Tips for Growing Healthy Roses
Roses not only provide our gardens and bouquets with incredible beauty and fragrance, but they can also connect us to our families and friends. With a little planning, some know-how and a lot of curiosity you can grow roses that will inspire future connections and smiles.
The fragrance of an old garden rose always reminds me of my Grandmother who kept a bottle of rose water on hand. The rose water, I assume, was used to dab behind her ears on special occasions or to soothe skin irritations that farm life undoubtably produced. Most likely it was both. I am grateful that fragrance can trigger that memory and turn my thoughts to my hardworking and loving Grandma.
My parents grow a few fragrant roses in their suburban Maryland garden. Their cultivar names, if they were ever known, have long been forgotten. When I was a child, my mother would cut and gently wrap the thin green stem of one of our roses in a dampened paper towel and then in aluminum foil. I would carry these precious gifts with extreme pride to my elementary school teachers. The school bus ride was always a difficult one for the blossom. I can recall sitting in a high-back vinyl seat holding the crumpled aluminum foil vase tightly in my hand, enjoying the wonderful fragrance and willing the petals to stay attached during the bumpy ride.
Roses can provide us with so much beauty and joy. These tips will help you help your roses and hopefully lead to some beautiful memories of your own.
1. Choose wisely– Do your research. Roses are rated on several characteristics. In my opinion, the most important of these is disease resistance. The less time you need to spend dealing with disease the better. Roses that are rated as resistant to fungal diseases such as black spot and powdery mildew should top your list.
2. Give them what they need– Generally speaking, roses require at least 6 hours of full sun a day (preferably in the morning), a well-drained and nutrient-rich soil, and moderate amounts of water. Water should only be applied directly to the root zone, not to the leaf surface. Adequate sunlight and water applied to the roots only will help decrease the spread and incidence of fungal diseases.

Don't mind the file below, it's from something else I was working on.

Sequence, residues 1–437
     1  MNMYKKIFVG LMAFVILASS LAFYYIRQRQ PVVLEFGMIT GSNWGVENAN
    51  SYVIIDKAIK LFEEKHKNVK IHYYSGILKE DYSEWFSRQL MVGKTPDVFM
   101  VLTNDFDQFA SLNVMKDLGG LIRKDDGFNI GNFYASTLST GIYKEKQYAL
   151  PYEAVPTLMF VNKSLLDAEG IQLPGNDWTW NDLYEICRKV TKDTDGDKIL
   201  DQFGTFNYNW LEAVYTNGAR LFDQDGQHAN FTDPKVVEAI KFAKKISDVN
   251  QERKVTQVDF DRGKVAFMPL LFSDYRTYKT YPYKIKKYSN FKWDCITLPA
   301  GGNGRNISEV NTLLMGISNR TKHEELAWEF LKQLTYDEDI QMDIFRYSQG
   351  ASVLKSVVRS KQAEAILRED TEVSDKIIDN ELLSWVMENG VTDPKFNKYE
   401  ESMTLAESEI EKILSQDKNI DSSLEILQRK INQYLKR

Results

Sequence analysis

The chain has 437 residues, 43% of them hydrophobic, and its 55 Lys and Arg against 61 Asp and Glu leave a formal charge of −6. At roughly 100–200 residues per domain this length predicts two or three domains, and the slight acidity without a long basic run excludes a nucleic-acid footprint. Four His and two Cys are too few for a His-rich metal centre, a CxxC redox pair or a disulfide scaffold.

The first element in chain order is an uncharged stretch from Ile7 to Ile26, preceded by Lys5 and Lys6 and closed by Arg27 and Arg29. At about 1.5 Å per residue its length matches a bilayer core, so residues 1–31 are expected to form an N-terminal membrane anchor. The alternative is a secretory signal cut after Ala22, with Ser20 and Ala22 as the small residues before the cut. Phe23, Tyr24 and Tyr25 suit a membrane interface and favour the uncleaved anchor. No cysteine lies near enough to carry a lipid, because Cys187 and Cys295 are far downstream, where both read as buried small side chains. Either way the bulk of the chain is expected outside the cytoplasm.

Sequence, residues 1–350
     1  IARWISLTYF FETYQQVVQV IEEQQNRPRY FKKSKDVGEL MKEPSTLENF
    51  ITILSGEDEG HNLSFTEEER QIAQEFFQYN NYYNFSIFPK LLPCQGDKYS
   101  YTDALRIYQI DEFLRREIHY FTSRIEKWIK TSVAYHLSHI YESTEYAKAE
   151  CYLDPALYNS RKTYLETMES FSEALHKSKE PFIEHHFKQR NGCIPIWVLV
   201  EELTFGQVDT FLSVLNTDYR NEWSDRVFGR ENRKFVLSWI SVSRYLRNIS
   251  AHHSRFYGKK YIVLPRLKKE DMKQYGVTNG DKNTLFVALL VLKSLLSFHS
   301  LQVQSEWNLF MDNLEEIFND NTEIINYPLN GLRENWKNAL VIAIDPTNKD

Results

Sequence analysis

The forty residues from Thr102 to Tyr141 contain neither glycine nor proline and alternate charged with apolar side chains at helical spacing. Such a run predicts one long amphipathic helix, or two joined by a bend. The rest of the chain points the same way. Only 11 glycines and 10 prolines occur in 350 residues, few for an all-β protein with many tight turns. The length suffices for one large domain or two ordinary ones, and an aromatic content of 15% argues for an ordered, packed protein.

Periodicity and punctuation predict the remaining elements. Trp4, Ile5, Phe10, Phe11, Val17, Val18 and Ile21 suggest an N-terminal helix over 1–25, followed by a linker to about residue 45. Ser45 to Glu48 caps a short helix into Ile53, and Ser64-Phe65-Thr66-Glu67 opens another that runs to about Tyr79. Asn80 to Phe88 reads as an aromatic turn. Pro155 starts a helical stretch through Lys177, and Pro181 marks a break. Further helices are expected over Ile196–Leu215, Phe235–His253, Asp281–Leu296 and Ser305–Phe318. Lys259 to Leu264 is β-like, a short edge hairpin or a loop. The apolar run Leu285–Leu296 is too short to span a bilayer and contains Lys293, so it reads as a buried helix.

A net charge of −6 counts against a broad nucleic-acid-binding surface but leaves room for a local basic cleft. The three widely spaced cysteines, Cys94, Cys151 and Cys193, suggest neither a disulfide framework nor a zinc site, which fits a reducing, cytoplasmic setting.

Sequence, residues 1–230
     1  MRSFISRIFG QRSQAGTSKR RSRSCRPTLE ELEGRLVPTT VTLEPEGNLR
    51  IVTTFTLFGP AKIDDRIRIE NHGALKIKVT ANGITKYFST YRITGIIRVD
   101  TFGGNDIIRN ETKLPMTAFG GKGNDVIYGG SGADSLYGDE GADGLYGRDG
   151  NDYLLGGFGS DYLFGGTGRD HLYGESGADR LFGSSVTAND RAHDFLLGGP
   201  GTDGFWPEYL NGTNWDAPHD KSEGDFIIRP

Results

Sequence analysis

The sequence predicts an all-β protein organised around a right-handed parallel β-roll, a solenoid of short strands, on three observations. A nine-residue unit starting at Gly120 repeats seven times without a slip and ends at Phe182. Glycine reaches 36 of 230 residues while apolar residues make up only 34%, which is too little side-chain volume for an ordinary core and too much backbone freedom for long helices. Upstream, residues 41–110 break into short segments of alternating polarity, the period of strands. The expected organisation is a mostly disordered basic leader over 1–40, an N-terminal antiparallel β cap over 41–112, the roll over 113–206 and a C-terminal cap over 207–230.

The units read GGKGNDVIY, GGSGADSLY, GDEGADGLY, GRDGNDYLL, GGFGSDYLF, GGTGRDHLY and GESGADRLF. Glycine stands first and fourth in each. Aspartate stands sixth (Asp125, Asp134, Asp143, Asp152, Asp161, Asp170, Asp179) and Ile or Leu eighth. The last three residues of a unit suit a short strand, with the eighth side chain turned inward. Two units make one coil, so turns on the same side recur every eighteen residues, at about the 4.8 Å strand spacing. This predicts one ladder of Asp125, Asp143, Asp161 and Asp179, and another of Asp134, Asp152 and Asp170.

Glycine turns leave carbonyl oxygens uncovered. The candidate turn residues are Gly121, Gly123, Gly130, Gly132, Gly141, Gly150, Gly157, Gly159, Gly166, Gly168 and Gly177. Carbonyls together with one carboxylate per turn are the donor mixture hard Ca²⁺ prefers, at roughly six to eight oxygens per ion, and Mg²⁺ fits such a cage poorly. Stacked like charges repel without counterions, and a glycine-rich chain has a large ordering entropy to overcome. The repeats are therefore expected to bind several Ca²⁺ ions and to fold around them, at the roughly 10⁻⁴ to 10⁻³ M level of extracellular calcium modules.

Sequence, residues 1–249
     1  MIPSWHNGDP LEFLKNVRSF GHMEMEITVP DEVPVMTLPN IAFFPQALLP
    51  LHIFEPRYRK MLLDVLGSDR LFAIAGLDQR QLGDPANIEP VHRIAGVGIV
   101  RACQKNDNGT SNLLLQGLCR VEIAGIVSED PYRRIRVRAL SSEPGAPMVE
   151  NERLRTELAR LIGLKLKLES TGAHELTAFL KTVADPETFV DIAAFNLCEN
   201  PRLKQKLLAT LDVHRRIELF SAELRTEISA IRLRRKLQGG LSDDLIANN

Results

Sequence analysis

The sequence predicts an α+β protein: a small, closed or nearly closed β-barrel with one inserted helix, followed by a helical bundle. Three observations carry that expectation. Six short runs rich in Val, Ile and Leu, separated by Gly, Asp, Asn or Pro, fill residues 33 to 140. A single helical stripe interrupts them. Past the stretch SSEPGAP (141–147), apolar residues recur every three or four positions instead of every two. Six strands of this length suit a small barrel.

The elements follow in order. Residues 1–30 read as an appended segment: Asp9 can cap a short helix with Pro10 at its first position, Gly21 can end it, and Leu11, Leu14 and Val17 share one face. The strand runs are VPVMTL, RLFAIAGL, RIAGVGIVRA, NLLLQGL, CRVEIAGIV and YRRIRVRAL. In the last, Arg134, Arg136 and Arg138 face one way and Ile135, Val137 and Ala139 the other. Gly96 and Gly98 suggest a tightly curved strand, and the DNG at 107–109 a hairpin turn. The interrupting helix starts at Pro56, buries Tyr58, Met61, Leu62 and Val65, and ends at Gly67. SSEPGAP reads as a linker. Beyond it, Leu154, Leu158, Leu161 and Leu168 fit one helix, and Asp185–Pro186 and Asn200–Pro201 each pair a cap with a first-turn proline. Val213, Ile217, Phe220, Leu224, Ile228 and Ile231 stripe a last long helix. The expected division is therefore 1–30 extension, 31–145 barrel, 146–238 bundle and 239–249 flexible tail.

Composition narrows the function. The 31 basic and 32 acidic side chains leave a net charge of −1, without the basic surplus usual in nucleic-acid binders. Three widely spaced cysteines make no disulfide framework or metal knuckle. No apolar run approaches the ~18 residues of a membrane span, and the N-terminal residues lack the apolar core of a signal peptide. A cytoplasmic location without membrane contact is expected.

3. Prune for structure– When pruning roses in early spring, prune with the understanding that opening the center of the plant or shrub will allow for better light penetration and air circulation. Allowing more light and air into the center of the plant will create an environment that is less favorable to the development of fungal diseases.
4. Keep a tidy garden– Eliminating dead, dying and diseased plants and plant parts from your garden will help keep it healthy. This includes cleaning up potentially diseased rose leaves that have fallen from the plant. Fungal spores on fallen leaves can overwinter and return in the spring to infect the plant.
5. Learn about your garden visitors– Not all bugs are bad. Get to know the insects that visit your garden. Find out which insects truly pose a threat to the health of your plants (pests) and monitor their populations. Find out if the pest has any natural predators (aka beneficial insects) and monitor those populations as well. A healthy garden should have both. If necessary, introduce more beneficial insects into your garden; they are available through mail order.
Bugs that are referred to as beneficial insects are beneficial only at certain stages in their life cycle. The syrphid fly, for example, only feeds upon prey while it is in its larval stage. Adult syrphids don’t eat other insects, they eat nectar and pollen. Therefore, in addition to roses, grow other flowering plants that will provide a variety of nectar and pollen sources throughout the growing season. This will help your garden support natural enemy insects in all their life stages.
Enjoy your roses. If you already have a lifetime of experience with them or are just beginning your adventure, share your story with Smithsonian Gardens through our Community of Gardens portal.